Sunday, April 19, 2009
Bronze Age Stash
All of our emotion exists for those dear old American adventure films that speak of daily life and manage to raise to a dramatic level a banknote on which our attention is riveted [sic], a table with revolver on it, a bottle that on occasion becomes a weapon, a handkerchief that reveals a crime, a typewriter that’s on the horizon of a desk, the terrible unfolding telegraphic tape with magic ciphers that enrich or ruin bankers…
It was Tax Day, and what better way to celebrate than heading off to the comics shop? In a nice bit of serendipity, April 15 fell on a Wednesday, which meant it was time to see what the pull list had brought in. Little did I know that my local shop, the excellent Infinite Monkey, would also have just purchased someone's collection, a long box of 70s pulp treasures that the Monkey's co-owner, Josh, let me rummage through. I found the issues shown above, as well as many more fun 70s comics, all at relatively inexpensive prices (and thanks again, Josh, for tossing in those extra Black Lightning issues free of charge-- you are a mensch).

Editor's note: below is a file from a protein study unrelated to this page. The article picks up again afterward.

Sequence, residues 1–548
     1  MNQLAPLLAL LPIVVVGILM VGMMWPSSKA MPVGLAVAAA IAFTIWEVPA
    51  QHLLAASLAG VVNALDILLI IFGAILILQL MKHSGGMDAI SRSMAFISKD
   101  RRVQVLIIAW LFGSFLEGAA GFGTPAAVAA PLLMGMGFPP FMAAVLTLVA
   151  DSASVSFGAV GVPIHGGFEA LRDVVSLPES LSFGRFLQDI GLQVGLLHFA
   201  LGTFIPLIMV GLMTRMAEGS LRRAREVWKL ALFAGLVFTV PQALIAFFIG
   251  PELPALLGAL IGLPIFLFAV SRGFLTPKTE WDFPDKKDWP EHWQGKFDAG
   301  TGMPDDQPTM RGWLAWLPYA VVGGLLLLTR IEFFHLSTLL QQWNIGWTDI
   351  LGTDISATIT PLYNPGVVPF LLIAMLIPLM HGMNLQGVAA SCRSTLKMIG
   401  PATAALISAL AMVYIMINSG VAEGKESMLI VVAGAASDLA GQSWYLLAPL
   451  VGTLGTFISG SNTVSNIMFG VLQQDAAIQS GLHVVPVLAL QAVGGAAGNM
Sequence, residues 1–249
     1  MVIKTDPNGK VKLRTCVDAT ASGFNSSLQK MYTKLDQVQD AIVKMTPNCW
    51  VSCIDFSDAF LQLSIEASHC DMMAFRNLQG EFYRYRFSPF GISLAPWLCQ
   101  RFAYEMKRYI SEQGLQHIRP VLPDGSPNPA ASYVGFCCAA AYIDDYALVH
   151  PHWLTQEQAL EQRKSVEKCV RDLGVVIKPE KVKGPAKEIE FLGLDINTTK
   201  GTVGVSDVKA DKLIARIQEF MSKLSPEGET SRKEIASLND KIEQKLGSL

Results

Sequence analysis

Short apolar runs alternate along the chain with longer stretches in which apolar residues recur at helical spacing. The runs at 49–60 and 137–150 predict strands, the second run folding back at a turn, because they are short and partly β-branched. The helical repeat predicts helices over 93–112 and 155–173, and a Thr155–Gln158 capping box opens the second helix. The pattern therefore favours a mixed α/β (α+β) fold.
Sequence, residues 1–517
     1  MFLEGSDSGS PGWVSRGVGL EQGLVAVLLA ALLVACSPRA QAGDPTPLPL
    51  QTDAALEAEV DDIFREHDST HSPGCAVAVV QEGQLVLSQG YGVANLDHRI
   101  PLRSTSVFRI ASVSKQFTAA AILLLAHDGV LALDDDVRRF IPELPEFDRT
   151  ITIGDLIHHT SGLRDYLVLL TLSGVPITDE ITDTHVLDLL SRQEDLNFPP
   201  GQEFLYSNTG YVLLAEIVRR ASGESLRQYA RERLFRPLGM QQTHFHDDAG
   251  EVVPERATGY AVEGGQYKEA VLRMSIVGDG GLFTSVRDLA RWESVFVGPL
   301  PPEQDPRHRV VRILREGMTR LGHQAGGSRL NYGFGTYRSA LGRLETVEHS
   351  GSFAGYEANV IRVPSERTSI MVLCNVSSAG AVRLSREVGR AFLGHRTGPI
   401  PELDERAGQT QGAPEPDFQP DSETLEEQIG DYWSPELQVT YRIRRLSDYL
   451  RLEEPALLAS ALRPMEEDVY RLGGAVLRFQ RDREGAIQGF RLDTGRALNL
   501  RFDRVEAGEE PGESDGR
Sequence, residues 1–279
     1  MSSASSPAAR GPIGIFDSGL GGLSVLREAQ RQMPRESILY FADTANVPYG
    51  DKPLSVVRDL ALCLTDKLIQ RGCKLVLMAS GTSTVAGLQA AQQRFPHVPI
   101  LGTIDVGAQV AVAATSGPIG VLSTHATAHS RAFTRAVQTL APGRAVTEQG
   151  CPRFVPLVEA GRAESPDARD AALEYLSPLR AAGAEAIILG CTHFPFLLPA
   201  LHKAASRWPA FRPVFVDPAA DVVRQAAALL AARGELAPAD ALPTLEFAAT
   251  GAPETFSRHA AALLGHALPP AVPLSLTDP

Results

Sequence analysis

I would've enjoyed finding these issues, anyway (I've always liked the Black Panther), but there was something extra-fun about encountering them in such a surprise fashion. In this post, "Comics Should Be Good!" writer Greg Hatcher explores the arcane pleasures of collecting, noting that it's not just the objects themselves, but the search for them that brings pleasure: "Apart from the 'smart shopping' factor involved in buying used and the great deals you can get, though, the plain truth is that I love the hunt. I get a big kick out of the act itself, of browsing through old bookstores and thrift stores, and most of the people I know feel the same way."
I think that's true-- although I have also acquired back issues through online dealers, there's something magical about rummaging through the long boxes, flipping past the garishly colored covers, feeling the object in your hands. It has to do with the relationship between knowledge and fetish, not just (per Barthes) the "pleasure of the text," but the pleasure of the texture, the thingness of the thing. To borrow a Surrealist phrase, it's about the "chance meetings" between collector and object, and the frisson of stumbling across that magic cipher.